Music Fest hosts concert series


The Kiwanis Music Festival celebrates its 75th anniversary next season, a community venture that has seen thousands of kids with amazing talent take the stage.

Not all of those kids go on to promising careers in music, but all of them will remember the experience of practicing and competing.

To promote the Festival during the lead up to this important anniversary, organizers received a $7,500 grant from the South Kent Wind Donor-Advised Fund of the Chatham-Kent Community Foundation to hold a series of free educational programs and concerts. Each event will feature a free concert and a public masterclass/clinic for local musicians, and there will be a meet-and-greet after each concert.

The first in the series begins with a Ben Smith Piano recital on Nov. 10 at 7 p.m. at St. Paul’s Congregational Church in Chatham.

Smith, who is a Chatham native and won virtually every award possible on the Kiwanis Music Festival stage, is currently based in Toronto and is in high demand as an adjudicator at music festivals across the country.

Christine Prosser, organizer of the concert series and local vocal teacher, said she also started competing at the Festival at the age of eight, winning the Rose Bowl in vocal performance, and knows the value of experience in the arts for children.

“There has already been a tremendous amount of interest in Ben’s concert, with outstanding young pianists from all across Southwestern Ontario coming to perform for Ben in order to receive feedback about their playing,” Prosser said.

Smith’s journey as a pianist, from an early age, is an impressive one, according to Prosser.

“Ben’s mom Julia, discovered that Ben had perfect pitch before the age of three. Perfect pitch is when you play a note and the musician, without looking at the instrument, can say that’s an A or that’s a C,” Prosser noted. “Not many people have that ability.”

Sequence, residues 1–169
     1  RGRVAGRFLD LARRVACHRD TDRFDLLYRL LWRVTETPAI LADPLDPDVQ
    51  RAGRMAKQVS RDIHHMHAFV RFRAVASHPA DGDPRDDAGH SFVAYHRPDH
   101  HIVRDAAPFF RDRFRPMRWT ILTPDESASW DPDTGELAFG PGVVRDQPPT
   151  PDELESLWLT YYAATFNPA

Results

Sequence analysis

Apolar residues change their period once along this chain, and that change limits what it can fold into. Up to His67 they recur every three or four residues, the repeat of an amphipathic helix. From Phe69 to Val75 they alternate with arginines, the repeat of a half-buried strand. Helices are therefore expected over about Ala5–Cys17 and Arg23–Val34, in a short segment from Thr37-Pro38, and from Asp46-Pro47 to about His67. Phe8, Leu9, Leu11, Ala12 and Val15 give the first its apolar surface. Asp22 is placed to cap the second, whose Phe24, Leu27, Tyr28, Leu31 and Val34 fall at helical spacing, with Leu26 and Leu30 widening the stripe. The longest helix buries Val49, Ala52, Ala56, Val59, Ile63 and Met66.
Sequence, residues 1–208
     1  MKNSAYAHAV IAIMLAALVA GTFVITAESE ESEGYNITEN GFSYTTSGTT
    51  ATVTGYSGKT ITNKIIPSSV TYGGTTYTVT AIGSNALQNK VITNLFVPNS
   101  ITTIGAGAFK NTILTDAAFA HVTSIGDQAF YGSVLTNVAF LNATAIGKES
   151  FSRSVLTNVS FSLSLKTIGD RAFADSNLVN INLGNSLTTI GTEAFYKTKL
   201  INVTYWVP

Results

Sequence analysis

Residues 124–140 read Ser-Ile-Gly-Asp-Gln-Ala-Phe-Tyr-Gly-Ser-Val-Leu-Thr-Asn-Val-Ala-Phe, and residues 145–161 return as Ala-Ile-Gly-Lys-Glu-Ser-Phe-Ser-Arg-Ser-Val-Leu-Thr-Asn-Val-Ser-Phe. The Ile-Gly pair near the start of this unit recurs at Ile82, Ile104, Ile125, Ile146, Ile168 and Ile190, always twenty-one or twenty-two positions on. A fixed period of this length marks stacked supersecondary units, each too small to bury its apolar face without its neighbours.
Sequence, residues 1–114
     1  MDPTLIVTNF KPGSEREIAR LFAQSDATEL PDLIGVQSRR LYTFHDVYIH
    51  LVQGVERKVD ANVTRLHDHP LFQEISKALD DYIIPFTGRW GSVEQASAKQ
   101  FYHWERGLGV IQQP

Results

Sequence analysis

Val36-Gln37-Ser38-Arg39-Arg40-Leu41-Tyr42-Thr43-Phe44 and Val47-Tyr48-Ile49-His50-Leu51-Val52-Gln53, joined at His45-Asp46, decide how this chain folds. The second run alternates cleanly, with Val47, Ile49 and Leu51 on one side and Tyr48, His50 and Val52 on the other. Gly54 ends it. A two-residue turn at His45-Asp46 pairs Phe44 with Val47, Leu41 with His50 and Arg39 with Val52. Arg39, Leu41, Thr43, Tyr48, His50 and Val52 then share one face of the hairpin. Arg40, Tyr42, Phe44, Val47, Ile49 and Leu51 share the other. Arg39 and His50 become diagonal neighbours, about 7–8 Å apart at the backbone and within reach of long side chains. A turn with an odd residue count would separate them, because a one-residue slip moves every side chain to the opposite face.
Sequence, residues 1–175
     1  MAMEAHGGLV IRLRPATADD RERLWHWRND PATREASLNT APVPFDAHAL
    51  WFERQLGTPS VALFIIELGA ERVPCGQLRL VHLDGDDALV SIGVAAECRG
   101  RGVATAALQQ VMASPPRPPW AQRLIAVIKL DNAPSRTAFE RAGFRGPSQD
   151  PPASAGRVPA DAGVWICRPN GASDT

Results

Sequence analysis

Juilliard-trained, Smith has performed twice at Carnegie Hall, records music for CBC Radio 2, plays at music festivals across North America and is a very busy performer. Prosser said the last time he performed in Chatham was 2005.

A remarkable piano player, Prosser said she recalls a time when she working with her students who were competing in the Festival.

“When Ben was still a teenager, he often accompanied singers and instrumentalists in the music festival. He arrived at my house for a second rehearsal with one of my students, and I let him know when he arrived that I was having difficulty finding an original copy of the music for him to use.  ‘Don’t worry about that,’ he said. ‘I can play it from memory.’ At that, he proceeded to take a brief look at the music, handed it back to me, sat down at the piano and played the entire song for memory. A rare talent, indeed,” Prosser recalled.

Smith will be playing several classical pieces at his concert, including sonatas from Handel, Beethoven, Schubert and Brahms.

The concert series will continue with Heather Kosik’s Cabaret concert Jan. 26 at Studio One, and then a Jamie Hillman Choral Festival, April 27 at the Kiwanis Theatre. Concerts are free to the public thanks to the grant from the Community Fund.


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